All across the country students are limited to entry level jobs because they lack experience. Employers look for resumes that show internship, volunteer opportunities or jobs that relate to a major. Most students show experience but it is not experience in their career.
Student jobs in your major are as easy to find as those that do something different. The first place to check is in your campus human resource department. Often they have a variety of jobs on campus that relate to a lot of different topics.
Another place to look is on student bulletin boards around campus and in the dean's office of your major. As an example, if you are a business major, check with the dean's office in the business department. Usually the executive assistants in those areas are asked to list any employers who call in to look for students.
Other places to check for student jobs are your career office, the online website for your college other students. Many times students know of jobs because they have turned them down and they may be a good source for you.
When you look for a job in your major make sure that you don't overdo the balance between family, school and work. Many students fail because they take too many classes and try to work full-time.
What most students don't know is that for every 1 credit hour they take, you will spend at least two hours in homework. This means that for a 3 credit course, you will probably have 5-6 hours outside the classroom.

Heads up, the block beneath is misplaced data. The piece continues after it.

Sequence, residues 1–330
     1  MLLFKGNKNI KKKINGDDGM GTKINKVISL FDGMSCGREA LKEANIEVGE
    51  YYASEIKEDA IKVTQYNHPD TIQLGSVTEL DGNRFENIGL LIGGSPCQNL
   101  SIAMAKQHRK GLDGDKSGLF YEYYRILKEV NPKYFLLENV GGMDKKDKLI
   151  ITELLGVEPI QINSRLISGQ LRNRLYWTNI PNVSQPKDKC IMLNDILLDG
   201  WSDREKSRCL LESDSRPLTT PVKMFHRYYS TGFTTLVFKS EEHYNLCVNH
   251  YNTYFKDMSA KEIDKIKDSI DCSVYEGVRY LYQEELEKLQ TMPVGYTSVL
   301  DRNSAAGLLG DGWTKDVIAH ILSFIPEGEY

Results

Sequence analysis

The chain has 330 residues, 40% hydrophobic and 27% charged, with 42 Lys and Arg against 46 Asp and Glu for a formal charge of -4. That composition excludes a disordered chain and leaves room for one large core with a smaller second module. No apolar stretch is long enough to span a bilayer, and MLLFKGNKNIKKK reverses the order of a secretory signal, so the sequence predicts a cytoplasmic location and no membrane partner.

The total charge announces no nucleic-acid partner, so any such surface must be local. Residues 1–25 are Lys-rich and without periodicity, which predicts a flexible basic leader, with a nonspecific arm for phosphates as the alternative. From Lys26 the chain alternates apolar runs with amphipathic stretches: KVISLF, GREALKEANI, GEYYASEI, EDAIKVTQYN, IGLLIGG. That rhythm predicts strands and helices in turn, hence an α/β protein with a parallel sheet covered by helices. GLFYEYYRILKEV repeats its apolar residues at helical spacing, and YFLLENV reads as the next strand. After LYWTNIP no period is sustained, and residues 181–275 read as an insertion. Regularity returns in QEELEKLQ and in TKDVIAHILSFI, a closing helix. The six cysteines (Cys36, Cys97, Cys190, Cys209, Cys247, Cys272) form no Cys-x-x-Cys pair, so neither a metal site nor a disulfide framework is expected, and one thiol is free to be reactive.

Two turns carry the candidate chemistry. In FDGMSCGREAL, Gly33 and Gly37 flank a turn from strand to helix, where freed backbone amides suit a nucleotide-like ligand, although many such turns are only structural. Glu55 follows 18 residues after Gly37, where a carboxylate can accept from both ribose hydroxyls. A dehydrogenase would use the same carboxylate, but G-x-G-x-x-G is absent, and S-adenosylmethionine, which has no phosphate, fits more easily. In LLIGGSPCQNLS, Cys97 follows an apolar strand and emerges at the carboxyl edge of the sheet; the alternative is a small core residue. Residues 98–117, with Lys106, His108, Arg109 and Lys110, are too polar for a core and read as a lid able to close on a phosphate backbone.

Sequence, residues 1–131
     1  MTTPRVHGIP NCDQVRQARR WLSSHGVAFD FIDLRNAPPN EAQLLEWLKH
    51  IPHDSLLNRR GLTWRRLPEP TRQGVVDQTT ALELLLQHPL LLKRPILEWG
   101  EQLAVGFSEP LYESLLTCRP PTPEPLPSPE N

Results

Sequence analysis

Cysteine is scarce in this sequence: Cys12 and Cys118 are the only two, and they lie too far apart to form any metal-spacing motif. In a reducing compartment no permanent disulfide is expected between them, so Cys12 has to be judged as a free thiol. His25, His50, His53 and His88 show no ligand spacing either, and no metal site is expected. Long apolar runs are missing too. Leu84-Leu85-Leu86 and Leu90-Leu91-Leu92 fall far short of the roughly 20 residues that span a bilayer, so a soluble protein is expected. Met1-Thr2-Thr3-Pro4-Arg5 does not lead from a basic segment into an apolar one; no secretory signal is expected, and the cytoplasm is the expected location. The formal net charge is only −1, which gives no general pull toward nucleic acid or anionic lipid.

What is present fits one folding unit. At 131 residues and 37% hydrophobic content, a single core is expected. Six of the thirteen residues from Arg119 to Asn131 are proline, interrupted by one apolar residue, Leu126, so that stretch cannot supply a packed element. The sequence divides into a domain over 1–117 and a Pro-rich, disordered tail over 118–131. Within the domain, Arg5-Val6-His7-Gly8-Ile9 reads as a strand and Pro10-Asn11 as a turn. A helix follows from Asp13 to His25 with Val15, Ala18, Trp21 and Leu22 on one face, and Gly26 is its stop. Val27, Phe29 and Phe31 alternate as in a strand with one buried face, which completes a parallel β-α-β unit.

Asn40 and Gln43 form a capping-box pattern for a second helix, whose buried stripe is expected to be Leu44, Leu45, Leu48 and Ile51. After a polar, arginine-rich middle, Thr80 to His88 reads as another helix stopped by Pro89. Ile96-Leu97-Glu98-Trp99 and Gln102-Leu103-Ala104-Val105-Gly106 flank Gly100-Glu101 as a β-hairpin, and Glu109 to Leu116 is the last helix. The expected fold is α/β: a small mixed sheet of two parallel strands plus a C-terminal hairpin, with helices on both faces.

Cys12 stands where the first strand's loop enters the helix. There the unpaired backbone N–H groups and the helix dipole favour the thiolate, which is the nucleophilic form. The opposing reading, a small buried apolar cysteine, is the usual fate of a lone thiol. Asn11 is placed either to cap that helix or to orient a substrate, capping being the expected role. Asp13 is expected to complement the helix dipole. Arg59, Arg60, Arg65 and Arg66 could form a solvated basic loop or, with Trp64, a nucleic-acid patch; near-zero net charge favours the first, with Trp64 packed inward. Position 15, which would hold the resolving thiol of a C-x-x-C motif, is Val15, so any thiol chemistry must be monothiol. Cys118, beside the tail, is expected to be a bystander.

If you work a full-time job, and have a family, finding 18 hours out side of that to study your course work will be difficult. It is better to either work part-time or take less coursework.
Working part or full-time and going to school will also require that the job be flexible when it comes to your classes. If you find a job in your major the employer will often be flexible with your hours.
Another idea for student jobs is to try work study. Most work study positions are tied to financial aid but often you can find something that is in your major. Check with your financial aid office if you have applied and see if this is one possibility.
When you approach a job whether it is full or part time, approach it as a professional job. You might not think that working at a fast food restaurant would call for a professional attitude but if you're major is business it does.
Sit down and write a good cover letter and resume, then take it to your college career center for tweaking. Approach every job with your resume and cover letter and you will land a good job. Think big picture here and you will carry your student jobs into full-time, paid and professional employment.